Even as Oil & Gas Prices Increase, MLP Values Decline
When the Federal Energy Regulatory Commission (“FERC”) evaluates tariff rates on regulated pipelines, they target a “just and reasonable” return on equity (“ROE”) to compensate pipeline operators. To determine these rates, operators calculate their expenses associated with running their pipelines and are allowed to charge a certain amount over and above those expenses. Previously, MLPs1 included an income tax allowance (“ITA”) as one of these expenses.2
On March 15th, FERC announced it would no longer allow MLPs to recover ITAs from their expense calculations. The impact of this ruling is that FERC-regulated cost-of-service pipelines may need to adjust their prices downwards to prevent over-earning their “just and reasonable” ROE. Natural gas pipelines have been directed to review their rates by the end of this year, while oil pipelines will face a review of their pricing in 2020.
In a second announcement, FERC issued a Notice of Proposed Rulemaking (“NOPR”) for natural gas pipelines, regardless of whether MLP or a C-Corporation own them. This NOPR requires MLPs to review their tariff rates by year-end to adjust for the corporate tax rate falling from 35% to 21% as a result of the Tax Cuts and Jobs Act of 2017.
Does this signal a buying opportunity for investors? According to a recent Wells Fargo research report:3
“Compelling valuations are not enough of a reason to overweight MLPs. We remain neutral (even weight). A positive fundamental or technical trigger would be needed for us to become more optimistic toward MLPs.”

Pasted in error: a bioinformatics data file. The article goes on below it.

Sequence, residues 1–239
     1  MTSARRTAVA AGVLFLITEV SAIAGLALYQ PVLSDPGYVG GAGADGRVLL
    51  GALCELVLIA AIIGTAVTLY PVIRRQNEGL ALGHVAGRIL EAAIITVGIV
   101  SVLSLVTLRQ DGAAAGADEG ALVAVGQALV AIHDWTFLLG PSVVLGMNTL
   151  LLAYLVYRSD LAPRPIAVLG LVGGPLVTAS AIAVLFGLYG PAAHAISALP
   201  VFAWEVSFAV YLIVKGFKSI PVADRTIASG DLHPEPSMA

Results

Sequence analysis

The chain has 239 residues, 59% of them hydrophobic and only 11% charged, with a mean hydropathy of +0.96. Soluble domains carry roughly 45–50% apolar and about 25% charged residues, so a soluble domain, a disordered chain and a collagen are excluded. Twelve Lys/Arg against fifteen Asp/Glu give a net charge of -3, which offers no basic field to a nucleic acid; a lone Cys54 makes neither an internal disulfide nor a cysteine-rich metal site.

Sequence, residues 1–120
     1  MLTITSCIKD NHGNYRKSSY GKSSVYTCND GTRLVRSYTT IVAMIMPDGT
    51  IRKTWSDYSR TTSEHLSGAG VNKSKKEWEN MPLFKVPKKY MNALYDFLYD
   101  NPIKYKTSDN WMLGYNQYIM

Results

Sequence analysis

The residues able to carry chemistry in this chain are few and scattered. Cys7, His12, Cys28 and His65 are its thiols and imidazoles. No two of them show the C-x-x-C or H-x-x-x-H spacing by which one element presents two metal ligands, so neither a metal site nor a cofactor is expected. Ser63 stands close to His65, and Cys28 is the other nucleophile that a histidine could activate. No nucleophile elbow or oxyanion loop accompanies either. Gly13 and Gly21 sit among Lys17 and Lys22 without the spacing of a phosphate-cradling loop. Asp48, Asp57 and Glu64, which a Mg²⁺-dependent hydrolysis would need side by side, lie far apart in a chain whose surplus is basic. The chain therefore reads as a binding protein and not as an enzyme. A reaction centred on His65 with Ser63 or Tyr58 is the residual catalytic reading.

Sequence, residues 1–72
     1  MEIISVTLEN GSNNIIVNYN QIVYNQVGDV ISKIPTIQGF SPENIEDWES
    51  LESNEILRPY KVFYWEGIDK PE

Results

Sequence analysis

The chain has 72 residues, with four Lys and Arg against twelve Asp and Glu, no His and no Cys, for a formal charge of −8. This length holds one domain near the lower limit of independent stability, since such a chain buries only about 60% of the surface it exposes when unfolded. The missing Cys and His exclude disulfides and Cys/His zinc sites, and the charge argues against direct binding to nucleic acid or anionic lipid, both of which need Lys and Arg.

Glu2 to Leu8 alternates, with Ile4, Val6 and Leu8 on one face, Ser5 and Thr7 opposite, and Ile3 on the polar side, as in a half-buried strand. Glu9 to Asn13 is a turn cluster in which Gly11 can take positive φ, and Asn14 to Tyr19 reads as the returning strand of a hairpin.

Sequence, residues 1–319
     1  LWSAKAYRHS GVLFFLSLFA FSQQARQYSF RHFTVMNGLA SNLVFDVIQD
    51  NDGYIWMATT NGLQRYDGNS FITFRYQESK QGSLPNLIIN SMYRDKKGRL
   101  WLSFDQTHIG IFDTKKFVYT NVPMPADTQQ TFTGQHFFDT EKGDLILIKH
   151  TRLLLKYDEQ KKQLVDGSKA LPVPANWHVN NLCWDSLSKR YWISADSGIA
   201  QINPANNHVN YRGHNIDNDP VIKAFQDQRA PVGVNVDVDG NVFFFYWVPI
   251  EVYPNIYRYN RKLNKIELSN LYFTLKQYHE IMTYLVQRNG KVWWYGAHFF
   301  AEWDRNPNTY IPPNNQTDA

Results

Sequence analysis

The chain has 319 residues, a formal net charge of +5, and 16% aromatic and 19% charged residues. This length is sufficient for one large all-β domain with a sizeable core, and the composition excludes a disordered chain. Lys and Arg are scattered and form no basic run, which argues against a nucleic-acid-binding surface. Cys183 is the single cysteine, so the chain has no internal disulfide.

Crude Oil Outlook
While futures markets aren’t a crystal ball, their price levels and related options are useful for estimating future ranges, or “confidence intervals,” for crude oil and natural gas prices.
The graphic below shows crude oil price as of April 16, 2018 and predicted crude oil prices based on options on oil futures contracts (ticker /CL).
On the graphic below, the blue lines are within one standard deviation (σ) of the settlement price (green line) and the red lines are within two standard deviations for each month (for a refresher on standard deviations, see the January 2016 blog).
Based on April 16, 2018, pricing, the futures markets indicate that in mid-July 2018 the expected strip price is $65.74, with a 68% chance that oil prices will be between $57.50 and $75.50 per barrel. Likewise, there is about a 95% chance that prices will be between $48.00 and $90.50. For a longer-term view, by mid-November 2018 the approximate one standard deviation price range is between $52.00 to $78.50 per barrel with an expected value of $63.50. As of last month, oil futures are still in “backwardation.”
Natural Gas Outlook
The natural gas futures contracts are currently trading at $2.77 per MMBtu for the Henry Hub (ticker /NG). Although more affected by seasonal factors than crude oil, in July 2018, the expected price is $2.83 with a +/- 1σ price range of $2.55 to $3.15 per MMBtu, and the 2σ range (95%) of $2.15 to $3.65 per MMBtu. For a longer-term view, by mid-Oct 2018 the expected price is $2.85 per MMBtu with a +/- one standard deviation price range is between $2.45 to $3.35 per MMBtu.
1. A Master Limited Partnership (“MLP”), is a limited partnership that is traded publicly on an exchange. An MLP combines the tax benefits of a limited partnership with the liquidity that publicly traded securities offer.
2. Seeking Alpha, April 11, 2018, https://seekingalpha.com/article/4162472-ferc-ruling-impact-mlps
3. Wells Fargo Investment Institute, Real Asset Strategy, “Where We Stand on Master Limited Partnerships,” April 2, 2018
Tags: Oil & Gas Price Outlook April 2018, Gas Price Outlook April 2018, Oil Price Outlook April 2018
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